In 1974 while bands like The Ramones, Television and Patti Smith were starting to rock the Big Apple there was a punk rock super group having a very short career in Cleveland. Rocket from the Tombs existed for less than a year, never recorded and played a dozen or so gigs seen by maybe a couple of hundred people. RFTT spawned and provided material for The Dead Boys and Pere Ubu. They provided the first punk corpse in guitarist / songwriter Peter Laughter who died in 1977.
The band was started by singer David Thomas (going under the name "Crocus Behemoth" ) in May 1974 as a sort of comedy act. Other members of the original lineup were Chris Cuda, and Glen "Thunderhand" Hach sharing guitar duties bassist Charlie Weiner, with Tom Foolery playing drums. Enter A gifted and reckless guitarist& writer (for Creem Magazine) named Peter Laughner who showed up at some of these gigs. He began jamming with the band and joined soon after that in September.
Rockets became more musical lineup with the addition of Gene O'Connor (Cheetah Chrome), David Bell (bass) and Johnny Madansky (Blitz). Guitarist O'Connor had known Laughner before and been in a band with him. Drummer Madansky was also in a band with O'Connor called Slash. Bell had recently left another veteran Cleveland band, the Mirrors. This version of the band would make it's debut on New Years Eve 1974 blaze brightly for eight months and then go down in flames.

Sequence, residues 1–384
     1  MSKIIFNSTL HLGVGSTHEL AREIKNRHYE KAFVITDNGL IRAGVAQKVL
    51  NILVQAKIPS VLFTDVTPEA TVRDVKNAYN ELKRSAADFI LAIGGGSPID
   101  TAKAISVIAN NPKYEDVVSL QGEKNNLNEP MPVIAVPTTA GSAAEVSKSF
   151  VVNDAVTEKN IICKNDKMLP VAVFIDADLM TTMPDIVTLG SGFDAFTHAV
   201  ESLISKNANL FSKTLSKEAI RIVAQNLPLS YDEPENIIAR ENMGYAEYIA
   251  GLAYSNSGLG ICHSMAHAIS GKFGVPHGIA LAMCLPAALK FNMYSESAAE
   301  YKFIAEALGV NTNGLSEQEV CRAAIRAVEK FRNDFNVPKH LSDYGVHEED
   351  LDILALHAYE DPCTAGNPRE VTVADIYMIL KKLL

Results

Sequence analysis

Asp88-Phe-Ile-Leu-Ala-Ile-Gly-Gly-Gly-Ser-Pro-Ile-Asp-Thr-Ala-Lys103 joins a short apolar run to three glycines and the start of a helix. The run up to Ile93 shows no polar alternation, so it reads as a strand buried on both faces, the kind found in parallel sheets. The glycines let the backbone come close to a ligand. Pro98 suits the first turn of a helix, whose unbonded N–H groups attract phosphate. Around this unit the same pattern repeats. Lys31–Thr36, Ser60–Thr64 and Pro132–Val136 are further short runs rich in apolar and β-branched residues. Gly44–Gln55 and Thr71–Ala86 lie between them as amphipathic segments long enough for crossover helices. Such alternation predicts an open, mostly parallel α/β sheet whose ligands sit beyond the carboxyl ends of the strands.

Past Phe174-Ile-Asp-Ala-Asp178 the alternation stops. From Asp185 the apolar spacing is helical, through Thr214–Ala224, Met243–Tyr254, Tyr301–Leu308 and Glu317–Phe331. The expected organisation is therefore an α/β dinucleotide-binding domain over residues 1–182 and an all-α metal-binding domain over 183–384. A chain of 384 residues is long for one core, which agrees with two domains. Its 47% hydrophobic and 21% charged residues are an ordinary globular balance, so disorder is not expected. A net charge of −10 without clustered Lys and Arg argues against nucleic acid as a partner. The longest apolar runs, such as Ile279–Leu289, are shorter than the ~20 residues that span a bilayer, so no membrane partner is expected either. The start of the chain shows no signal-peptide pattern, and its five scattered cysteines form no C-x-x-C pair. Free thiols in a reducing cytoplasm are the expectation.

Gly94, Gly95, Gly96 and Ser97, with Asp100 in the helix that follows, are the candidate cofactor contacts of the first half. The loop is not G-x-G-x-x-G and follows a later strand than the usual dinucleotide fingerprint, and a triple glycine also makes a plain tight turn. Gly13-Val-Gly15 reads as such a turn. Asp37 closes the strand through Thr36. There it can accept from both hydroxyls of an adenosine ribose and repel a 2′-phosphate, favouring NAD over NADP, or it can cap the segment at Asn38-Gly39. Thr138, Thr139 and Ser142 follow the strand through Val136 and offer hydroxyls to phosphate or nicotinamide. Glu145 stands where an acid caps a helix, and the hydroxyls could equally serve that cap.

After they disbanded, the personnel split forming two bands. O'Connor and Madansky joined with singer Stiv Bators (who was a sometimes singer in later versions of RFTT) to form Frankenstein, which later became the Dead Boys. Laughner and Thomas went on to form Pere Ubu with bassist Tim Wright (RFTT's soundman). Laughner split after recording the two Hearthhan singles. He moved to New York where he almost joined Television and died in 1977, of acute pancreatitis brought on by years of drug abuse.
The Rocket's repertoire became some of both bands best known songs. The Dead Boys were got "Ain't It Fun," "What Love Is," "Down in Flames," "Caught With the Meat in Your Mouth" (done by RFTT as "I'm Never Gonna Kill Myself Again") and "Sonic Reducer"; Pere Ubu recorded "Final Solution," "Life Stinks" and "30 Seconds Over Tokyo."
While they never released any singles or lps there is a 19 track cd that came out in 2002 called Day the Earth Met the Rocket From the Tombs that gathers the best of their live recordings. The cd is 74 minutes long with material drawn only from original sources and includes a 12 page booklet. If you'd like to pick it up or read reviews and see the track listing click on the above link.
While The Cramps as a band were not part of the Akron music scene the late Lux Interior was an Akron native. He moved to California then he and his lovely cohort Ms. Ivy spent 1973-1975 mutating in Akron where they came up with the Cramps concept while watching late night horror movies. They moved to New York where they went onto fame if not fortune. One of their early classics “The Mad Daddy” was an ode to a legendary local DJ.
My favorite from the lp is "Beer and a Cigarette" by Terraplane.
There was also a documentary film called “It's Everything and It's Gone” by Phil Hoffman.